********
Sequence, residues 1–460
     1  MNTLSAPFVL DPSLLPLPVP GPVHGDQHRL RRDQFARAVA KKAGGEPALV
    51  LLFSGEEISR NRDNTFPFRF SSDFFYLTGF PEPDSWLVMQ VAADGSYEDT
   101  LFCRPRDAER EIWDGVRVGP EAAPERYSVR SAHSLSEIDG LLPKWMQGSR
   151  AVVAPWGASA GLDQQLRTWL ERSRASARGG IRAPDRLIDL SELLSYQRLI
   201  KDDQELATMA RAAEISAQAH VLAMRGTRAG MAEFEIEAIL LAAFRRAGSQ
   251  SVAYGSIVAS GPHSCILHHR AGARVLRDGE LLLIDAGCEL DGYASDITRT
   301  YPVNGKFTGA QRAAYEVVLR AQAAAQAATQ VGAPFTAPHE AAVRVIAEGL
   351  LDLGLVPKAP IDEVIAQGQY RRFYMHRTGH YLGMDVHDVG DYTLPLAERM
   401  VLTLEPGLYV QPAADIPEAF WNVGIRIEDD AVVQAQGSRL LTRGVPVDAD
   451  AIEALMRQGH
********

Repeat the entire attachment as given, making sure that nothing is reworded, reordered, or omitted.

Sequence, residues 1–460
     1  MNTLSAPFVL DPSLLPLPVP GPVHGDQHRL RRDQFARAVA KKAGGEPALV
    51  LLFSGEEISR NRDNTFPFRF SSDFFYLTGF PEPDSWLVMQ VAADGSYEDT
   101  LFCRPRDAER EIWDGVRVGP EAAPERYSVR SAHSLSEIDG LLPKWMQGSR
   151  AVVAPWGASA GLDQQLRTWL ERSRASARGG IRAPDRLIDL SELLSYQRLI
   201  KDDQELATMA RAAEISAQAH VLAMRGTRAG MAEFEIEAIL LAAFRRAGSQ
   251  SVAYGSIVAS GPHSCILHHR AGARVLRDGE LLLIDAGCEL DGYASDITRT
   301  YPVNGKFTGA QRAAYEVVLR AQAAAQAATQ VGAPFTAPHE AAVRVIAEGL
   351  LDLGLVPKAP IDEVIAQGQY RRFYMHRTGH YLGMDVHDVG DYTLPLAERM
   401  VLTLEPGLYV QPAADIPEAF WNVGIRIEDD AVVQAQGSRL LTRGVPVDAD
   451  AIEALMRQGH